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Posted June 26, 2008

Church leaders lack credibility, seem rigid, arrogant

June 25, 2008
By Andrew Greeley
Taken from the Chicago Times

The obsequies for Tim Russert were a wonderful showcase for the Catholic heritage. They were the celebration of our memory of a man who exemplified the role of a Catholic layman and also a demonstration of how Catholics cope with death.

The Irish laughed at death while they were still pagans. When they became Catholic, this laughter turned into a privileged symbol of that faith. It's not everyone's symbol of death -- and it has its own imperfections -- but it is profoundly Catholic.

The Catholic Church has not looked too good in public lately -- it has often seemed mean-spirited, punitive, arrogant, insensitive. It seems not to understand what the sexual abuse crisis has done to its public image. Hopefully many who are not Catholic came to realize last week that there was more to be said about the Catholic heritage.

A Catholic wrote to me to ask why Catholic bishops can't be like Tim Russert: open, honest, transparent, intelligent, deeply concerned about people, respectful of others. I might have asked him if he as a Catholic layman practiced his faith the way Tim did.

Yet his point is well-taken. The simple truth is that if Tim had gone to a seminary after he graduated from college, he probably would have died as an assistant pastor in a parish in Buffalo. There is no disgrace in that, God knows. He would have made a wonderful parish priest. The point is that he was not the kind of man likely to be made a bishop in this country. The Vatican does not want men with his talents and abilities as heads of dioceses.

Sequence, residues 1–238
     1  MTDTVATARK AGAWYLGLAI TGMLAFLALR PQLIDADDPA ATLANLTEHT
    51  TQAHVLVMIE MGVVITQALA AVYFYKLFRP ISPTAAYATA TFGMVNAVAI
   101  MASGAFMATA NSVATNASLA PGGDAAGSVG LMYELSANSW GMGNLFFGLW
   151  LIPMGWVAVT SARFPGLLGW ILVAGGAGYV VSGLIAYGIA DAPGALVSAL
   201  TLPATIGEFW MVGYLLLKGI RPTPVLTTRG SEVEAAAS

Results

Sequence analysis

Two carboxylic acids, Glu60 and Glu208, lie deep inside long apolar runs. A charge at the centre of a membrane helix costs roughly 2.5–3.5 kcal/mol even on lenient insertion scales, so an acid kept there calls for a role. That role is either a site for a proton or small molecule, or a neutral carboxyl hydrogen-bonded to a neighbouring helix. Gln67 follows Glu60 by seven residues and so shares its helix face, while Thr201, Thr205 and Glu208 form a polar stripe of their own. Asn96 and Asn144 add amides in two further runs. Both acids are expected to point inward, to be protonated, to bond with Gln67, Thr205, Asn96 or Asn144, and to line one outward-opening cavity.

Sometimes they make mistakes and intelligent, honest and transparent men are in fact elevated, as we say, to the sacred purple. But not very often. And not in this time when, in the wake of the sexual abuse scandal, the church needs intelligent, honest and transparent leaders.

Thirty years ago, the American priest best qualified to lead anywhere in the world was Father Ted Hesburgh of Notre Dame. One of his predecessors ended up a cardinal, so there was even some precedent. No way a man with Father Ted's abilities could ever become a cardinal.

What we have instead is almost an epidemic of conflicts between bishops and priests and between bishops and laity. It is almost as though Catholic leaders want to say, in effect, "Despite our loss of credibility because of sexual abuse, we're still the bosses, we're still in charge, and you have to do what we say. . . . Got it?"

So the conflicts erupt in places like Belleville and St. Louis and St. Paul and Phoenix and Oakland and New York.

The assumption has always been that Rome knows what it's doing. The recent appointment of many bishops suggests that it has not yet grasped the impact the sexual abuse crisis has had on the American laity and clergy.

Rigid and arrogant canon lawyers are not what the Catholic Church in this country needs as the leadership strives to recover its credibility with its priests and people.

The curialists who show up in America and denounce the American system of law for having created the abuse crisis don't help either. It is almost as if the Vatican has decided that the laity and the clergy in this country don't matter. Or still are a mob of ignorant peasants.

It might be that they simply don't understand this country and protect themselves with cliches about "secularism" and "hypersexuality." Those whom the gods would destroy, they first make mad.

And I wonder when they will give up their fiction that sexual abuse is only an American problem.